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Fringe comedy: review

Nicholas Parsons' Happy Hour

Nicholas Parsons' Happy Hour

Pleasance Cabaret Bar

Keith Bruce

It has had many imitators, with non-professionals among the most enthusiastic to embrace the chat show format, deluded that it is an easy option. But there is a reason why Nicholas Parsons is the main man on the Fringe with the top names on his show, and that has a lot to do with his vast experience and the 14 years he has been occupying the same slot in the Pleasance programme.

He doles out tubes of Smarties to his guests like points on Radio Four's Just A Minute, on merit and whim. The first recipients are the audience members he engages in conversation for his opening gambit. He may be a gent, but if you are unfortunate enough to be a town planner who admits to some responsibility for Edinburgh's trams, as happened at the show I attended, he will give the rest of the crowd every opportunity to savage you.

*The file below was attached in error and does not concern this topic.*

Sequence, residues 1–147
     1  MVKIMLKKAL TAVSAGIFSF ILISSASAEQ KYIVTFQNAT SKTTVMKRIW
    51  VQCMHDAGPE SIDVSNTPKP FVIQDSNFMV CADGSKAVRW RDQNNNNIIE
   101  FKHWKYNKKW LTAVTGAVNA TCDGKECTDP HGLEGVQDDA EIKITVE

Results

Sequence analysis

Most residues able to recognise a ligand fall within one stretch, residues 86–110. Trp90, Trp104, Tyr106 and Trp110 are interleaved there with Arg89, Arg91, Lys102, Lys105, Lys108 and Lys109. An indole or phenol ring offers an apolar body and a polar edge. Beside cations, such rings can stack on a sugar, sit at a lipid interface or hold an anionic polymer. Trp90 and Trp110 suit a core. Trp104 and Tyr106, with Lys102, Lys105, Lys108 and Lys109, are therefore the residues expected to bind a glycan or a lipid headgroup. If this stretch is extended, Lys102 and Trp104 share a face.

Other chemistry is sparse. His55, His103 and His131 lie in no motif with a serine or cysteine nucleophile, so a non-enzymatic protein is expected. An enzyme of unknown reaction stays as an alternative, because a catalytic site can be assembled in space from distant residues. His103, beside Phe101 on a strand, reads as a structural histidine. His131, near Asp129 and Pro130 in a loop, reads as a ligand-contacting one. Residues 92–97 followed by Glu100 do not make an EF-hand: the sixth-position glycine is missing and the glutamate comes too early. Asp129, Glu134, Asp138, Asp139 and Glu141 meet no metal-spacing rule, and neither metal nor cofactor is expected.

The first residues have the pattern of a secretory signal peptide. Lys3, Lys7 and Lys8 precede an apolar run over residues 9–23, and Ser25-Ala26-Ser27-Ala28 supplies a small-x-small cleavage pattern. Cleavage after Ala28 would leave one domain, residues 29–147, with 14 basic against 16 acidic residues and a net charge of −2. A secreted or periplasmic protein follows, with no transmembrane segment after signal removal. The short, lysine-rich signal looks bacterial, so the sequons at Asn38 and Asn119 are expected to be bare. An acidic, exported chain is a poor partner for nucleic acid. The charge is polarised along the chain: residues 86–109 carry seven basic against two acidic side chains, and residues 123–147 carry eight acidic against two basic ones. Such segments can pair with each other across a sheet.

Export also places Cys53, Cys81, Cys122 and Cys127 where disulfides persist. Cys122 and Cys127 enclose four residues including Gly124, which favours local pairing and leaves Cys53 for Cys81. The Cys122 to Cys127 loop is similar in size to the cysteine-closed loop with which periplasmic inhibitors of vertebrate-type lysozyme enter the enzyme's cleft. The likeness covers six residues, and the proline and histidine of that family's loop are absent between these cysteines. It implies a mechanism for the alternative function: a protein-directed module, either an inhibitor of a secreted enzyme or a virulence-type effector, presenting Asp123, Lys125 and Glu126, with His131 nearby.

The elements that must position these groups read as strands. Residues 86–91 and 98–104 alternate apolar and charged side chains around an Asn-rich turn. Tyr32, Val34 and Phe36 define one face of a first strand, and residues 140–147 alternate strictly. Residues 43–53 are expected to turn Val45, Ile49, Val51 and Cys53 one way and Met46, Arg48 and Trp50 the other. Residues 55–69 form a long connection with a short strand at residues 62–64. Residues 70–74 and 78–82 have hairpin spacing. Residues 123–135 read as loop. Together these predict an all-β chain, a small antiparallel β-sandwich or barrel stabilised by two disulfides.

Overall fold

The guest line-up I lucked on was as fine as you might hope for. Suki Webster's first play, My Obsession, is another Pleasance show and features herself as the stalking fan of a famous comedian, played by her husband Paul Merton, although she insists he had to beg for the role. It's a Play, Pie & Pint bite-sized piece, but Parsons' testimony is that it is half an hour well spent.

On the evidence of his new show (at the Stand) that Mitch Benn brought along, I will be making a point of catching the follow up to his hit "37th Beatle" show. A witty contribution to the school of faith scepticism called Don't Believe A Word, the two songs from it he played suggest it is every bit as funny and clever - and rather ruder.

Kilted Craig Hill brought the show to a typically spiky close, with more audience-baiting and few chances for Parsons to get a word in, as well as the revelation of his show's original title that was too risque to use. And far too rude to appear here - but you can bet he tells everyone who turns up at the Underbelly.

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